Mega is not so secure: 5 ways to pierce its encryption

Surely many of you will know Mega, a New Zealand company engaged in the field of file sharing founded by Kim Dotcom. One of the most flaunted strengths is the fact of offering a "privacy by design", where the cryptographic keys are directly controlled by the user, so that only he will be able to access the files, even if the main system is requisitioned by law enforcement.

However, it seems that this is not exactly true, given that the encryption experts at ETH Zurich have recently published a document in which they explain five possible attacks that can be carried out by possible attackers to compromise the confidentiality of the stored files. The PDF, titled "Mega: Malleable Encryption Goes Awry," highlights "significant shortcomings in Mega's cryptographic architecture."

Mathias Ortmann, chief architect of Mega, published a blog post in which he announced that three of the five bugs found by the researchers have been fixed through an update, while other mitigations will come in the future. Specifically, he said that Mega intends to release a client fix for attack number four and remove the legacy code that allows attack number five.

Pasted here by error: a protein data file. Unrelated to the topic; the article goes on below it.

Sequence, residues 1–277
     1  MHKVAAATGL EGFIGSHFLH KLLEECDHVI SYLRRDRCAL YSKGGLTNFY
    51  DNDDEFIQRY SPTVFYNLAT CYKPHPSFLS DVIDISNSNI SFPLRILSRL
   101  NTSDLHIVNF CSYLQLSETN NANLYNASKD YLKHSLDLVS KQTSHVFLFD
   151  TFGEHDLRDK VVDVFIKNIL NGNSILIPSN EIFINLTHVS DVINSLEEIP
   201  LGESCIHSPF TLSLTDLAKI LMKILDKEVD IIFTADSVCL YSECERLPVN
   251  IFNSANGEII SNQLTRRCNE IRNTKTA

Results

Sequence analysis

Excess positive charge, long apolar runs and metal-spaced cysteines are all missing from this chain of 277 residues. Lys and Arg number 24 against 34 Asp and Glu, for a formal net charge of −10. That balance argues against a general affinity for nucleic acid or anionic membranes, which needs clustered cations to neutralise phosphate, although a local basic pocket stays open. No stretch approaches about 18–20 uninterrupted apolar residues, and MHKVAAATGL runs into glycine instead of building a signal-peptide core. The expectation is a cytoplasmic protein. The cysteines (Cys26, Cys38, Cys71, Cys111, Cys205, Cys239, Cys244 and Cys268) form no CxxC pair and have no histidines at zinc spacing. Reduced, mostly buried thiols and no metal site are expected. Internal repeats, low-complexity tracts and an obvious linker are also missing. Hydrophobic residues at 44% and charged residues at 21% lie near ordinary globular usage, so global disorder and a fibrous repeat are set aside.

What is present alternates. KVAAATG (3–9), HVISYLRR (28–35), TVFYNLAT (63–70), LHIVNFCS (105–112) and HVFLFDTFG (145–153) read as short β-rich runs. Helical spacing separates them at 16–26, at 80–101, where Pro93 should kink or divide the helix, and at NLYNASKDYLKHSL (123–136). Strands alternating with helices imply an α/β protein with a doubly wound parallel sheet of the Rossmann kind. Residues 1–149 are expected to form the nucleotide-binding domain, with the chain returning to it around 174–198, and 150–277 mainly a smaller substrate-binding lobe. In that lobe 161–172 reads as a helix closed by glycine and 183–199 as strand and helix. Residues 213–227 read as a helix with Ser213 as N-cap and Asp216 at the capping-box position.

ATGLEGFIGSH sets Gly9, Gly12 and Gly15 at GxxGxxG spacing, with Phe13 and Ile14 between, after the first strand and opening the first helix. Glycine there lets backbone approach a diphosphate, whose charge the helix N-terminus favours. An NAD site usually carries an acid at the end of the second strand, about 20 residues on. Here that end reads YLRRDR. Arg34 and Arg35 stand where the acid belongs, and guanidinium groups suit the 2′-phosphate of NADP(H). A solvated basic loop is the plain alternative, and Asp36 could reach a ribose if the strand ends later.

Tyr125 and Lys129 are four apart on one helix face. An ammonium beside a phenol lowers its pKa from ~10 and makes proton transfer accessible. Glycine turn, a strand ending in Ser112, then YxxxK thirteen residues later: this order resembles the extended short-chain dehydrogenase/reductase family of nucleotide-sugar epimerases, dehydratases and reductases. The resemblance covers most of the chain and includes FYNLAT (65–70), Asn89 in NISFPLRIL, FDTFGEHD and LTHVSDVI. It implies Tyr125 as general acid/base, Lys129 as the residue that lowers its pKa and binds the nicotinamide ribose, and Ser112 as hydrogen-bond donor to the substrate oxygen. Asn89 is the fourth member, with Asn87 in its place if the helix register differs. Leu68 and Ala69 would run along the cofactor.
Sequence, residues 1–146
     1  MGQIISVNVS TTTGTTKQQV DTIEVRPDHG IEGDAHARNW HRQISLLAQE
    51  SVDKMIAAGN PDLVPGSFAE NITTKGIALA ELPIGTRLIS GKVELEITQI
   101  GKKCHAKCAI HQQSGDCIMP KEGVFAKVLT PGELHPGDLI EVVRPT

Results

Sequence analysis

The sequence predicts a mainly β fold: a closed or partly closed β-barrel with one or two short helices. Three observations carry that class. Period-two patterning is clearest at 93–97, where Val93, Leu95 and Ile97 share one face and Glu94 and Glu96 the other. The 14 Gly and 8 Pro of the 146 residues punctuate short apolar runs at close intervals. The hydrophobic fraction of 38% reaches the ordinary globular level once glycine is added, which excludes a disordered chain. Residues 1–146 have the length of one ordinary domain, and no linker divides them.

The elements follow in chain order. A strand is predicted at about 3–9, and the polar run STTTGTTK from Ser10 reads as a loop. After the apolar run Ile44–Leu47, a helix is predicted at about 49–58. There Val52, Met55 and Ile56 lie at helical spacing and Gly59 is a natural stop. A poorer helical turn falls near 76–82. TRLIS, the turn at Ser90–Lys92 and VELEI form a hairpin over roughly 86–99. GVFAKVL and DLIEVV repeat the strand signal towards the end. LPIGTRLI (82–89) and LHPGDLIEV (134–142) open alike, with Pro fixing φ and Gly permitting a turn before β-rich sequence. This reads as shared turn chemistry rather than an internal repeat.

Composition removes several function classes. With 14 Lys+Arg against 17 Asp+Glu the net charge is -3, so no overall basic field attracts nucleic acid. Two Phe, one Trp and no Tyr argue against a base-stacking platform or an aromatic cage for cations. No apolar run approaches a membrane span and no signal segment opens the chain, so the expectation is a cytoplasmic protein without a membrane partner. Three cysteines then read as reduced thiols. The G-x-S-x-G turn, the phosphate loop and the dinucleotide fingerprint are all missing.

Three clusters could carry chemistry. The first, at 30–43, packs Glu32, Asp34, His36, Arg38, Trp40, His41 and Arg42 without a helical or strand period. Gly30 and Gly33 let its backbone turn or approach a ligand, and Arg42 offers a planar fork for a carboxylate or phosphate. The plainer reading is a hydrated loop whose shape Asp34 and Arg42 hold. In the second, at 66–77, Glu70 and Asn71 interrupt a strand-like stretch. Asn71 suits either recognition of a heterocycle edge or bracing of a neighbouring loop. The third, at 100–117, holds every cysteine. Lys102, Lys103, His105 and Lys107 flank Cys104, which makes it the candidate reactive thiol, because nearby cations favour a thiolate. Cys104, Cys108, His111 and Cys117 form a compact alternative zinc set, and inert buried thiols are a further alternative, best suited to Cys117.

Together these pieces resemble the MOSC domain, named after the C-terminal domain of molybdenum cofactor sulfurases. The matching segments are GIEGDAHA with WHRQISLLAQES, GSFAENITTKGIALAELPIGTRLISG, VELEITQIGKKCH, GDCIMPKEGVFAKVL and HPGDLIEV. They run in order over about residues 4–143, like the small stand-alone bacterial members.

The document drafted by the researchers reads:

The first two attacks exploit the lack of integrity protection of the ciphers containing the keys (hereinafter referred to as key ciphers) and allow all user keys encrypted with the master key to be completely compromised, leading to a complete breach of data confidentiality in the MEGA system. The next two attacks violate the integrity of encrypted files and allow an attacker to place selected files in users' cloud storage. The latest attack is a Bleichenbacher-type attack  against MEGA's RSA encryption mechanism.

In practice, the main problem is that the method used by Mega to derive the various cryptographic keys used to authenticate and encrypt files does not check the integrity of the keys: an attacker can then tamper with the RSA private key and leak information.

Kenneth Paterson, part of the group of researchers who discovered the vulnerabilities, expressed his disappointment on Twitter that the company has not committed to a complete review of its approach, but has limited itself to correcting the problems, as its encryption is "quite fragile”.

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